Welfare-to-work: experience in the emerging Vietnamese welfare state
Mark Considine and
Asia Pacific Journal of Public Administration, 2016, vol. 38, issue 4, 270-280
The redevelopment of the welfare regimes of former socialist states since the terminal crisis of state socialism in the early 1980s is an emerging field of scholarship. This article contributes to this work by investigating welfare-to-work in a less-studied case, contemporary Vietnam. The research indicates that Vietnam’s newly emerged employment assistance framework represents a blend of certain aspects of the Bismarckian welfare type with earnings-related contributory social insurance measures and the Beveridge-type of flat-rate tax-financed social protection. It is also a little more liberal than the regimes of capitalist welfare states by adopting a so-called “socialisation” approach to fight unemployment. Unlike European, American and some north Asian experience, there are no signs of contracting-out of service delivery informed by new public management principles. Its funding model sits somewhere between a public employment services (PES) system and a private recruitment agency-based system. It is a hybrid model, wherein public offices deliver government-funded assistance but also receive outcome fee payments from employers. It motivates jobseekers to work, thus lowering the unemployment rate. However, its actual implementation is challenged by significant administrative problems, including a considerable amount of red tape.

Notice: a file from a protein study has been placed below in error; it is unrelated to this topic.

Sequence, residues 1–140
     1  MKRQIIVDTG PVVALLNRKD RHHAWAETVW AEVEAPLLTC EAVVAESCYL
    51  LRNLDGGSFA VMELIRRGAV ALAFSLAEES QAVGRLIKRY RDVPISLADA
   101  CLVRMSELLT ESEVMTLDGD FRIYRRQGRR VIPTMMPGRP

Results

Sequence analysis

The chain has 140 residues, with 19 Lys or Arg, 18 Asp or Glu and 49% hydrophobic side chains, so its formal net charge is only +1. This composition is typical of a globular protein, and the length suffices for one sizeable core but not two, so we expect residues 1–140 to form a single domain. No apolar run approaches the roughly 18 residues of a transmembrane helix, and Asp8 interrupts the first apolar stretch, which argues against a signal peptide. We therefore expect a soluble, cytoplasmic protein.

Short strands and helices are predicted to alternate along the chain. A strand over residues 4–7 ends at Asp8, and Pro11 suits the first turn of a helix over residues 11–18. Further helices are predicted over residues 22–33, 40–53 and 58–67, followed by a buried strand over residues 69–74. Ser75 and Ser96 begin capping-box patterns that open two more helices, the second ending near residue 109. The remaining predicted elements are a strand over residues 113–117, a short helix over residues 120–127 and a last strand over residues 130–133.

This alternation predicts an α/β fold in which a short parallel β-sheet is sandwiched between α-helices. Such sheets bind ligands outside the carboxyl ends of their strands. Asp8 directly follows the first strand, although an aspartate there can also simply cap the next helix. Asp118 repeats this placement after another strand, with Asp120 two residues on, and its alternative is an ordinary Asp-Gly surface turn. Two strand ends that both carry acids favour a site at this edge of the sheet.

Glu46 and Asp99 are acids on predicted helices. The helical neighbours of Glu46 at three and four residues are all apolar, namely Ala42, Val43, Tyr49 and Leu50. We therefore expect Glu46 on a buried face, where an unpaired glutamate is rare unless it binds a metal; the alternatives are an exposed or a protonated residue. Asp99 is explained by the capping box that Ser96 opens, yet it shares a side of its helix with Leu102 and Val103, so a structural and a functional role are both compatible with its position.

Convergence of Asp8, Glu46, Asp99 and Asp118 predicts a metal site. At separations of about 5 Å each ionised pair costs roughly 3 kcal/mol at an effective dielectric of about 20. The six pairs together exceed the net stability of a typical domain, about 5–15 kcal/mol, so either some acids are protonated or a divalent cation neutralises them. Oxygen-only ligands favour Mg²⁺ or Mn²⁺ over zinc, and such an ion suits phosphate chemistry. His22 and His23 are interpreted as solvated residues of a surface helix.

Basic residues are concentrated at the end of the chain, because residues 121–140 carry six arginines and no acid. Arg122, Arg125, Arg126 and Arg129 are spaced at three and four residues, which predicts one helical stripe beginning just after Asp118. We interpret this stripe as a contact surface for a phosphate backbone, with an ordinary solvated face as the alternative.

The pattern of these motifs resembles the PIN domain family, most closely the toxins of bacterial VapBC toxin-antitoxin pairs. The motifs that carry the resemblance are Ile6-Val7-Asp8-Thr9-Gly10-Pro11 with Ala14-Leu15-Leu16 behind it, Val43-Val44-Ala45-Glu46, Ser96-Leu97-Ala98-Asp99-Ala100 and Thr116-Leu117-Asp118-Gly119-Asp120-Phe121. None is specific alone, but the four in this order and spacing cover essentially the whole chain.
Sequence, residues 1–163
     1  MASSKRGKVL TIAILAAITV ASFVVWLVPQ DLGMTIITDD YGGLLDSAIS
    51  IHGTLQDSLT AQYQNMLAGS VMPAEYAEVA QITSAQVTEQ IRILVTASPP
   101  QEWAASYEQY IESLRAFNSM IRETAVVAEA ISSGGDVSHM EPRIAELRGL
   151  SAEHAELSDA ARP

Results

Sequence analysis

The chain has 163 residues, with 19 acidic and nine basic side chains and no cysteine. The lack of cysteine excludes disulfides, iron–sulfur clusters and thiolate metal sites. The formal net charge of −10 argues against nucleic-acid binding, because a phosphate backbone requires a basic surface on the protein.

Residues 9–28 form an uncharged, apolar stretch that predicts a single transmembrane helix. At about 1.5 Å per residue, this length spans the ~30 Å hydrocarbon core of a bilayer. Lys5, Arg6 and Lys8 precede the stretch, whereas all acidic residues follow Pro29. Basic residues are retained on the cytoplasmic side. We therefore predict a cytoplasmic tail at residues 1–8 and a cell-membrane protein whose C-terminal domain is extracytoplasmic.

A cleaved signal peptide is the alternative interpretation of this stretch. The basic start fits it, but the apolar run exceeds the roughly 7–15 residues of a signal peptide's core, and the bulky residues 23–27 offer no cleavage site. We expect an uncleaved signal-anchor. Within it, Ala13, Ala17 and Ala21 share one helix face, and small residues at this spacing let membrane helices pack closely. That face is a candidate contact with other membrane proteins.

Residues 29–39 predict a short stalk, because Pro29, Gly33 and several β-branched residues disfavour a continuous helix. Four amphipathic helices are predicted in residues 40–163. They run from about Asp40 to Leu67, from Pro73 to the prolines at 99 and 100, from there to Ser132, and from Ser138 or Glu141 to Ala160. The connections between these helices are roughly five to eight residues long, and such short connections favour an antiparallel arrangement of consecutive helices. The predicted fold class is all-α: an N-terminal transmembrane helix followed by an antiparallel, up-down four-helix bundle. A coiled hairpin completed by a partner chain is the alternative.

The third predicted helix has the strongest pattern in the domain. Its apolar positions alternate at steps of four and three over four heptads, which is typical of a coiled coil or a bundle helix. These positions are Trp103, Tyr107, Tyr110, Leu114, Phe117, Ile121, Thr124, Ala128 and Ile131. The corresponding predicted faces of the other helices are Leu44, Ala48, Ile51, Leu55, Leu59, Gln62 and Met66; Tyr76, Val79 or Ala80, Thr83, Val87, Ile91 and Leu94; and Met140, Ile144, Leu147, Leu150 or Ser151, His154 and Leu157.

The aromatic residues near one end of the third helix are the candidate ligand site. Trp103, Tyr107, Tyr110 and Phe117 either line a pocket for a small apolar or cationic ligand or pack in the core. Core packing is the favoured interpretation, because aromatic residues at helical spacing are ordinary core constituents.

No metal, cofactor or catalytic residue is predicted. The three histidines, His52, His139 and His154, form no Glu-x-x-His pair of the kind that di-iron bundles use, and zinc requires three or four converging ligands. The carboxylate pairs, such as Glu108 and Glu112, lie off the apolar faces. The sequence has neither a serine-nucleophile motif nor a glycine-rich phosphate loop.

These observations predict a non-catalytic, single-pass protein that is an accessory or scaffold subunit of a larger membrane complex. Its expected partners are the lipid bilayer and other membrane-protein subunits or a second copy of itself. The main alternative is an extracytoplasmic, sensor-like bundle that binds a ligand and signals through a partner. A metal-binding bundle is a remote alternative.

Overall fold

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Persistent link: https://EconPapers.repec.org/RePEc:taf:rapaxx:v:38:y:2016:i:4:p:270-280
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